children, and since compliance tests use head phantoms
based exclusively on adult data, the results shown in this
paper may suggest that further theoretical and
experimental research must be done in order to evaluate
these issues aiming to reduce risks for the children. This is
in accordance to the WHO – World Health Organization –
effort, included in the WHO Children’s EMF Research
Agenda, recommending research studies relevant to the
risk of adverse health effects in children from exposure to
electromagnetic fields (EMFs) .
The authors are grateful to MD Sonia Tozzi (from
Radicom) and Diego Mauricio Fernández Campos for
their collaboration to the 10 years old child computed
tomographic images, and also to Martin Elbern for his
contribution in the model for the head of the child.
 M. A. Jensen and Y. Rahmat-Samii, “EM Interaction of Handset
Antennas and a Human in Personal Communications”, Proc. of the
IEEE, vol. 83, nº 1, pp. 7-17, January 1995.
 S. Watanabe et al., “Characteristics of the SAR Distributions in a
Head Exposed to Electromagnetic Fields Radiated by a Hand-Held
Portable Radio”, IEEE Trans Microwaves Theory Techniques, vol.
44, nº. 10, pp. 1874-1883, October 1996.
 M. F. Iskander et al., “Polarization and Human Body Effects on the
Microwave Absorption in a Human Head Exposed to Radiation
from Hand Held Devices”, IEEE T-MTT, vol. 48, nº. 11, pp. 1979-
1987, November 2000.
 A. A. de Salles, C. R. Fernández e M. Bonadiman, “Far Field, Near
Field and SAR Simulation for Cell Phones Operating Close to the
Head” IEEE – COMSOC International Telecommunications
Symposium (ITS2002), Natal – RN, September 2002.
 A. A. A. de Salles, C. R. Fernández and M. Bonadiman, “FDTD
Simulations and Measurements on Planar Antennas for Mobile
Phones”, Proc. SBMO/IEEE MTT-S IMOC 2003, pp. 1043-1048,
2003, ISBN 0-7803-7824-5/03.
 C. R. Fernández, M. Bonadiman and A A. A. de Salles, “FDTD
simulations and measurements for cell phone with planar
antennas”, Annales des Télécommunications, Tome 59, No. 9/10,
pp. 1012-1030, Sept/Oct. 2004
 A. A. de Salles, C. Fernández and M. Bonadiman, “Distância da
Antena e Potência Absorvida na Cabeça do Usuário de Telefone
Celular Portátil”, Rev. da Soc. Bras. de Telecomunicações, vol. 16,
no. 1, pp. 16-28, Junho 2001.
 A. A. de Salles, C. Fernández e M. Bonadiman, “Simulação do
Campo Distante e da SAR na Cabeça do Usuário do Telefone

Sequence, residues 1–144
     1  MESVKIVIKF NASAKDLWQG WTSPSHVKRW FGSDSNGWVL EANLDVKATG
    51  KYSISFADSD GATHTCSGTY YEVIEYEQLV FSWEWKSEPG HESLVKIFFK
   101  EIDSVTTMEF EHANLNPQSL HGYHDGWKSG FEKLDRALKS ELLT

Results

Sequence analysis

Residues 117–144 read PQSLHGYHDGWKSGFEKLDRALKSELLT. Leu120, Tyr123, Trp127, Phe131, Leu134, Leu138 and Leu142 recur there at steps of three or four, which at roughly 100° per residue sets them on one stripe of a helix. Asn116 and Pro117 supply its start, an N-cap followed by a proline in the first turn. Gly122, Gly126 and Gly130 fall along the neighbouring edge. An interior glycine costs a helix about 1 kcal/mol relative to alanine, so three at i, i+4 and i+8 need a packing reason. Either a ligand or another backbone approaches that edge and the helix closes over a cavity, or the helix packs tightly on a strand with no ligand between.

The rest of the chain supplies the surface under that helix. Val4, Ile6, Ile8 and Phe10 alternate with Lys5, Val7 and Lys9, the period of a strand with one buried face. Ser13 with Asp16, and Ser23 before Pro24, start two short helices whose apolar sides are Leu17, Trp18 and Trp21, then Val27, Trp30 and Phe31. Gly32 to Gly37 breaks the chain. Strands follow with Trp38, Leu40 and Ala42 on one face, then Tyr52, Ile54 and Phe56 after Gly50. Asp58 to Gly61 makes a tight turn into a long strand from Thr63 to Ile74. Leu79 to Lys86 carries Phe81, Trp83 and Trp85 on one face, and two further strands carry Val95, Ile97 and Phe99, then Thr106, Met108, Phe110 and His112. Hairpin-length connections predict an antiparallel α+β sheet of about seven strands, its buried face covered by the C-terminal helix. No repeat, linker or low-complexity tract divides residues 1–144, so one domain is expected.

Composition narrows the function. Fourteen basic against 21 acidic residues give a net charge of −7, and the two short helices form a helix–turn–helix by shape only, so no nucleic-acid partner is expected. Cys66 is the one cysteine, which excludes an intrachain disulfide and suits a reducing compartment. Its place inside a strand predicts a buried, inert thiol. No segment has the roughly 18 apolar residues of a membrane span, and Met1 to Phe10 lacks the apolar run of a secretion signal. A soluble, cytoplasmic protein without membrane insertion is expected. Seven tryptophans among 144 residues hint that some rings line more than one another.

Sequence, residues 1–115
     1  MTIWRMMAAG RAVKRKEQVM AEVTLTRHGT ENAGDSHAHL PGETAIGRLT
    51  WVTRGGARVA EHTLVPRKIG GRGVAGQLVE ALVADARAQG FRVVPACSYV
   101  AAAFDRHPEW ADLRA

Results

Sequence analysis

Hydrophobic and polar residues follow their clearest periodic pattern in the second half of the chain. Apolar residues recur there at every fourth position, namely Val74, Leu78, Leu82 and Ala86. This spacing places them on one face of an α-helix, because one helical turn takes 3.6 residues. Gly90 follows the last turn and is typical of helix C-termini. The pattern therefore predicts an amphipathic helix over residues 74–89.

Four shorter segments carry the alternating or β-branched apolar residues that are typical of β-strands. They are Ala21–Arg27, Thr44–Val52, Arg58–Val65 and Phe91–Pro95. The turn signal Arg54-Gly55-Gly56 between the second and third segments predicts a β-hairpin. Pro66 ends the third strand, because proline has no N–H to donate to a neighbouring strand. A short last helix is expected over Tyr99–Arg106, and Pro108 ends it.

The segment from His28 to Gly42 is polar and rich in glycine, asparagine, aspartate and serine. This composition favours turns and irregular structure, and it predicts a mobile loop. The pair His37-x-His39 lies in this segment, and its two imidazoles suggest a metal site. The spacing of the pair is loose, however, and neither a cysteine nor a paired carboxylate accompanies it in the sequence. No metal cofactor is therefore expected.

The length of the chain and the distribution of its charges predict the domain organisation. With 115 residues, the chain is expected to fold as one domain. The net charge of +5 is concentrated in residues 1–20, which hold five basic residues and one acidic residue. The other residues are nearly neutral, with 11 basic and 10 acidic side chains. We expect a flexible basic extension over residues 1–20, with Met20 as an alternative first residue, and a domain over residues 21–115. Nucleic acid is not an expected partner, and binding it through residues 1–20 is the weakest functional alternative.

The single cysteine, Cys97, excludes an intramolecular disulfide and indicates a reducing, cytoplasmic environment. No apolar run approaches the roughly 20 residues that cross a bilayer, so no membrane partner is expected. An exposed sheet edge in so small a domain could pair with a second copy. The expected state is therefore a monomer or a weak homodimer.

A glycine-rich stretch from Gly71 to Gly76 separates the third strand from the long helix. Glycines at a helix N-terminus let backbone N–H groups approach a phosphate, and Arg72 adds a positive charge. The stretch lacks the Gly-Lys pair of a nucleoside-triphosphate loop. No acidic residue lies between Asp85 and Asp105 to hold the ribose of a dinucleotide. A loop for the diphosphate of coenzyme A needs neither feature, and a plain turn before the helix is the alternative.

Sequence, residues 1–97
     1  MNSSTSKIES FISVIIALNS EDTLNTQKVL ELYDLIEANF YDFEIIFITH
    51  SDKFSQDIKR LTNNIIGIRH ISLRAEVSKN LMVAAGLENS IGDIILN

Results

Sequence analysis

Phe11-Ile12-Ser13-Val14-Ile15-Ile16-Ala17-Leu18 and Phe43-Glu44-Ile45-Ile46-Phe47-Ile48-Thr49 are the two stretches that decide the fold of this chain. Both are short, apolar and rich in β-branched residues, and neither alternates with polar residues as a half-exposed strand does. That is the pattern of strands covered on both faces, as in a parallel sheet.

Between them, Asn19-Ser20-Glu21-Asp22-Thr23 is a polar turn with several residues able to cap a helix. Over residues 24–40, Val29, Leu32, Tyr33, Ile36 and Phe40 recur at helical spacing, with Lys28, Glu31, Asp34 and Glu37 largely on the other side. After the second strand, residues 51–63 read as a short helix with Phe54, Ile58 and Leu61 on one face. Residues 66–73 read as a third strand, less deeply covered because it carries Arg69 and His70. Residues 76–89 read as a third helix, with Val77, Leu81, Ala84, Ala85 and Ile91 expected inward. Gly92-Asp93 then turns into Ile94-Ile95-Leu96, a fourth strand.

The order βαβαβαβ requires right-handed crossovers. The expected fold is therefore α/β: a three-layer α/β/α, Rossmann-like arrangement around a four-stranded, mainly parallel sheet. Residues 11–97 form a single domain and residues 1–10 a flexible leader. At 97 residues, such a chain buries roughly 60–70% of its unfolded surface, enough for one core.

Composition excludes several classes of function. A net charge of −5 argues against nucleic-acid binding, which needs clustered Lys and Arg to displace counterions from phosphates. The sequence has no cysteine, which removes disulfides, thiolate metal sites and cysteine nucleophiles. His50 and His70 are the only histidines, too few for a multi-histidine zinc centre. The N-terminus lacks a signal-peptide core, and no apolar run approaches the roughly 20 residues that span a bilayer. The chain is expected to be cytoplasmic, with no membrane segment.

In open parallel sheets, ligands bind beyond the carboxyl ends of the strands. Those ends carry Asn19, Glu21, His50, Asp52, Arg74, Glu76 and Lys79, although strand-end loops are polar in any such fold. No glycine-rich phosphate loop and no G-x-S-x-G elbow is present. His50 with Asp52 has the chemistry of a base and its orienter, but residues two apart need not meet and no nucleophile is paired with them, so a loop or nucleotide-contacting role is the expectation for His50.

Celular para Antenas Convencionais e Planares” X Simpósio
Brasileiro de Microondas e Optoeletrônica, Recife – PE, Agosto
 A . A . de Salles, C. R. Fernández e M. Bonadinan, “Simulações da
SAR na cabeça e antenas planares para telefones móveis”, Rev.
Bras. de Eng. Biomédica , vol. 19, no. 2. pp. 77-90, agosto 2003.
 O. P. Gandhi, G. Lazzi, and C. M. Furse, “Electromagnetic
absorption in the human head and neck for mobile telephones at
835 MHz and 1900 MHz”, IEEE Trans. Microwave Theory Tech.,
vol. 44, no. 10, pp. 1884-1897, Oct. 1996.
 American National Standards Institute (ANSI), “IEEE C95.1-1991:
IEEE Standard for Safety Levels with Respect to Human Exposure
to Radio Frequency Electromagnetic Fields, 3 kHz to 300 GHz”,
The Institute of Electrical and Electronics Engineers, Inc., 345 East
47 Street, New York, NY 10017-2394, USA.
 ICNIRP Guidelines, “Guidelines for Limiting Exposure to Time-
Varying Electric, Magnetic and Electromagnetic Fields (Up to 300
GHz), International Commission on Non-Ionizing Radiation
Protection”, Health Physics, vol. 74, nº. 4, pp. 494-522, April 1998.
 F. Schoenborn, M. Burkhardt, and N. Kuster, “Differences in
energy absorption between heads of adults and children in the near
field of sources”, Health Phys., vol. 74, no. 2, pp. 160-168, Feb.
 J. Wang and O. Fujiwara, “Comparison and Evaluation of
Electromagnetic Absorption Characteristics in Realistic Human
Head Models of Adult and Children for 900-MHz Mobile
Telephones”, IEEE Trans. Microwave Theory Tech., vol. 51, no. 3,
pp. 966-971, March 2003.
 V. Anderson, “Comparisons of peak SAR levels in concentric
sphere head models of children and adults for irradiation by a
dipole at 900 MHz”, Physics in Medicine and Biology, vol. 48, pp.
 M. Martínez-Búrdalo, A. Martín, M. Anguiano and R. Villar,
“Comparison of FDTD-calculated specific absorption rate in adults
and children when using a mobile phone at 900 and 1800 MHz”,
Phys. Med. Biol., vol. 49, pp. 345-354, 2004.
 Centro Nacional de Supercomputação, at http://www.cesup.ufrgs.br
 The Visible Human Project, available at
 C. Gabriel and S. Gabriel, “Compilation of the dielectric properties
of body tissues at RF and microwaves frequencies”, technical
report AL/OE-TR-1996-0037 available in the world wide web at
 A. Peyman, A. Rezazadeh and C. Gabriel, “Changes in the
dielectric properties of rat tissue as function of age at microwaves
frequencies”, Phys Med Biol v.46 1617-1629
 Taflove, A., “Computational Electrodynamics- the Finite
Difference Time Domain Method”, Artech House 1995, ISBN 0-
 Taflove, A., “Advances in Computational Electrodynamics- the
Finite Difference Time Domain Method”, Artech House 1998,
 R. Garg, P. Bhartia, I. Bahl and A. Ittipiboon, Microstrip Antenna
Design Handbook. Artech House, 2001.
 Balanis, C., “Antenna Theory Analysis and Design”, John Wiley &
Sons 1997, ISBN 0-471-59268-4.
 Who Children’s EMF Research Agenda, available at